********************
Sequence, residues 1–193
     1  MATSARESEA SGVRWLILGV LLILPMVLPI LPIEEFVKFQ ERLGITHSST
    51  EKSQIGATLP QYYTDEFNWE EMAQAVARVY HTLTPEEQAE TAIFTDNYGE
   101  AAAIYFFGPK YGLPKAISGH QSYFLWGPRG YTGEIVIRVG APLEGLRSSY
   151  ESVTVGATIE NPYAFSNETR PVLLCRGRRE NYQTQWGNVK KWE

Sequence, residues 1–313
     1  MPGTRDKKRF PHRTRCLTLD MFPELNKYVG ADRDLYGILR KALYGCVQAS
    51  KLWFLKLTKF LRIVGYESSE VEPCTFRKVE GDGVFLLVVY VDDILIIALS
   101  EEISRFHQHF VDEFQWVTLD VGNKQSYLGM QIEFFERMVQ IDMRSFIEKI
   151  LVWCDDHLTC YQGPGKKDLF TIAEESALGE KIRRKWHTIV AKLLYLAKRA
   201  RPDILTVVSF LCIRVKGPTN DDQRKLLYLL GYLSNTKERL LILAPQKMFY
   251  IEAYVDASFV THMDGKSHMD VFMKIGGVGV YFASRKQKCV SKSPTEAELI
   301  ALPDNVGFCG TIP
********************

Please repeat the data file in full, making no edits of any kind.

Sequence, residues 1–193
     1  MATSARESEA SGVRWLILGV LLILPMVLPI LPIEEFVKFQ ERLGITHSST
    51  EKSQIGATLP QYYTDEFNWE EMAQAVARVY HTLTPEEQAE TAIFTDNYGE
   101  AAAIYFFGPK YGLPKAISGH QSYFLWGPRG YTGEIVIRVG APLEGLRSSY
   151  ESVTVGATIE NPYAFSNETR PVLLCRGRRE NYQTQWGNVK KWE

Sequence, residues 1–313
     1  MPGTRDKKRF PHRTRCLTLD MFPELNKYVG ADRDLYGILR KALYGCVQAS
    51  KLWFLKLTKF LRIVGYESSE VEPCTFRKVE GDGVFLLVVY VDDILIIALS
   101  EEISRFHQHF VDEFQWVTLD VGNKQSYLGM QIEFFERMVQ IDMRSFIEKI
   151  LVWCDDHLTC YQGPGKKDLF TIAEESALGE KIRRKWHTIV AKLLYLAKRA
   201  RPDILTVVSF LCIRVKGPTN DDQRKLLYLL GYLSNTKERL LILAPQKMFY
   251  IEAYVDASFV THMDGKSHMD VFMKIGGVGV YFASRKQKCV SKSPTEAELI
   301  ALPDNVGFCG TIP